The All Assam Minority Students’ Union (AAMSU) has claimed that certain organisations used “false” objections against many people from religious and linguistic minority communities included in the draft National Register of Citizens (NRC).
The complete draft published in July, 2018 had excluded 40.07 lakh of the 3.29 crore applicants. A window ending December 31, 2018 was provided for those left to file claims for re-inclusion. Citizens who suspected foreigners got into the list were also allowed to file objections within the same period.
“Religious as well as linguistic minority people are being harassed in the name of NRC. Members of some organisations such as the All Bodo Students’ Union (ABSU) took signatures of villagers on blank forms and then filed objections in their names against the inclusion of people from minority communities in the complete NRC draft,” AAMSU advisor Azizur Rahman said on Saturday evening.
The villagers in whose names the objections were made later said they had no idea how they came to be embroiled in the case, Mr. Rahman said.
The AAMSU produced a few letters by local farmers and daily-wagers to the District Registrar of Citizen officer in western Assam’s Kokrajhar district.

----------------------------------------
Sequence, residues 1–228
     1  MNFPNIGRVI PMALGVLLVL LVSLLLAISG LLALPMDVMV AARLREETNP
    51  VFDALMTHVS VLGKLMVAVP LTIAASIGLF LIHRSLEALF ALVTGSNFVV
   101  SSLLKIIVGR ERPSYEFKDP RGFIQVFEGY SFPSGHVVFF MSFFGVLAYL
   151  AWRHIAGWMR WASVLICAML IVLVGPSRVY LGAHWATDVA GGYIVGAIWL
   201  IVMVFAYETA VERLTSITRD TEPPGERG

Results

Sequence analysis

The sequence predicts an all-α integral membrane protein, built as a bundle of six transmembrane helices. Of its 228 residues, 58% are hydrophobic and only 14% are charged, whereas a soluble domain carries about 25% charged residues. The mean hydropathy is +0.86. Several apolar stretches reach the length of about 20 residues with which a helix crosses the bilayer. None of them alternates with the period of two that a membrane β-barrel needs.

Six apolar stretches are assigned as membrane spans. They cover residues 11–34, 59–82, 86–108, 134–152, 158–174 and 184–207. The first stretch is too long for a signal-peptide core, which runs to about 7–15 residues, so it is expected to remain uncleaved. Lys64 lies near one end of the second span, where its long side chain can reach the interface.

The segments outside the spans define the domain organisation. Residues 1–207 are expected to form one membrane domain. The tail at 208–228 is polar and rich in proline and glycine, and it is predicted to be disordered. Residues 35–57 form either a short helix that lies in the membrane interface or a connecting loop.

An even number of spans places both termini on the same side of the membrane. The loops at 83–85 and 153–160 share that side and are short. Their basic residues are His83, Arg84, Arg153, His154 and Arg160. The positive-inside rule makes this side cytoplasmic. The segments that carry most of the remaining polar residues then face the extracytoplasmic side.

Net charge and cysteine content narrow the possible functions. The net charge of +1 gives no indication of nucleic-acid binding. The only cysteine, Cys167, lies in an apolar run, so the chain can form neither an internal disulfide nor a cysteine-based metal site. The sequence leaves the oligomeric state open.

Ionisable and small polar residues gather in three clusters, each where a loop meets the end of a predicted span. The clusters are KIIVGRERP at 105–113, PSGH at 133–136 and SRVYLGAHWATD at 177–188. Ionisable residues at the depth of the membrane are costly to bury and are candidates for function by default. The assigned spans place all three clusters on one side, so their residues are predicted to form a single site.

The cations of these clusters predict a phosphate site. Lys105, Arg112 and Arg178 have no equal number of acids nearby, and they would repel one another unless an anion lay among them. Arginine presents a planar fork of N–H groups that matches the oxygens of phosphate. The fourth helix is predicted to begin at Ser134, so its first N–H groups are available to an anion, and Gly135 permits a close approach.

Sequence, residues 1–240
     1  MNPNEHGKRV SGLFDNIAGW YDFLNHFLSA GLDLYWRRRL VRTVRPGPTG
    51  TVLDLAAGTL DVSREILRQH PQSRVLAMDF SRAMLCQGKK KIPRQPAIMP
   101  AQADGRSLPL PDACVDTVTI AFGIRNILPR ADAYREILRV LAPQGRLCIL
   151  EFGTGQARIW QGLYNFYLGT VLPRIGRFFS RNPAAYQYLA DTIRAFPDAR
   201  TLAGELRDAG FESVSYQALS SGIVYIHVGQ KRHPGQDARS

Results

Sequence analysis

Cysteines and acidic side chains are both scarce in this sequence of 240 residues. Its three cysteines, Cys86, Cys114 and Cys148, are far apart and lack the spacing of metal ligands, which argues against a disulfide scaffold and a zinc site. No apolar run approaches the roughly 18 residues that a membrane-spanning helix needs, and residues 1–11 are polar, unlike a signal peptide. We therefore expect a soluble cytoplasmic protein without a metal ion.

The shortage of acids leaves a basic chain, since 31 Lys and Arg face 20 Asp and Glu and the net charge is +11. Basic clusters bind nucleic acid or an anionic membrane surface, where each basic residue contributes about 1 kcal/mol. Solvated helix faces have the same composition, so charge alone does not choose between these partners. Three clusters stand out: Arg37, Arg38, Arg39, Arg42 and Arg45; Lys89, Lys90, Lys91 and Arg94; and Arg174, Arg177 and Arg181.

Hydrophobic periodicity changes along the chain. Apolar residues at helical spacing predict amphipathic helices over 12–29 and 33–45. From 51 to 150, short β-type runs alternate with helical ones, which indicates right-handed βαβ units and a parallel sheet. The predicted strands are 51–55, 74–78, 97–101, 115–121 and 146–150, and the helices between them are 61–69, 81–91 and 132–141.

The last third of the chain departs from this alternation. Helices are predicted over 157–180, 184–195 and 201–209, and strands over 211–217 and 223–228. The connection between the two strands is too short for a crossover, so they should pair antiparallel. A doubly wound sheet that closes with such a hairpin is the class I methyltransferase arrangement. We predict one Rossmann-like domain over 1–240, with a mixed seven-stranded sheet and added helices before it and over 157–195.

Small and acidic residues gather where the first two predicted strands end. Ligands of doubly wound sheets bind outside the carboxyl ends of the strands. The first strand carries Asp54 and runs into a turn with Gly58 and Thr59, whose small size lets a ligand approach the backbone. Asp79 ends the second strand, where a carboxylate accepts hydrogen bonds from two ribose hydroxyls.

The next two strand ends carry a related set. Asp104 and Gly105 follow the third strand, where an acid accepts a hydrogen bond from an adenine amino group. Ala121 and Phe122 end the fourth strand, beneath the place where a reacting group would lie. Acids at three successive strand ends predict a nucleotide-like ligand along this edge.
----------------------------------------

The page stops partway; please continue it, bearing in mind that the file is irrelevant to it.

One such letter by a farmer named Chittaranjan Narzary of Bhalukjhora village, seeking withdrawal of objection against 10 people, said some boys from the local ABSU office came to his house and forced him to sign 10 forms along with the copies of his voter ID. “Now, I have come to know that the said ABSU boys had used my signature to submit objection on a bonafide citizen of India in our locality,” it said.
Letters by labourers Bijoy Narzary and Durjoy Gayary had a similar plea.
ABSU advisor Promod Boro said the allegations were baseless and the letters could be fabricated. “The ABSU cannot force any Bodo as they are not our enemy nor are Muslims and Bengali people who are genuine citizens of the country.”
An ABSU leader also doubted the applications since they were drafted in English and read almost the same.
Kokrajhar Deputy Commissioner Partha Pratim Majumdar, however, said he had received a couple of letters indicating some villagers were forced to sign on objection forms.
“The issue can be settled during the hearing for objections from May 6. As per rules, the officer at the NRC hearing centre concerned can drop an objection if someone signed the form involuntarily as alleged,” he told The Hindu from Kokrajhar, about 225 km west of Guwahati.
The NRC authorities said about 2.5 lakh objections had been filed on December 31, 2018, the last day of filing claims and objections. That, the AAMSU leaders said, was questionable.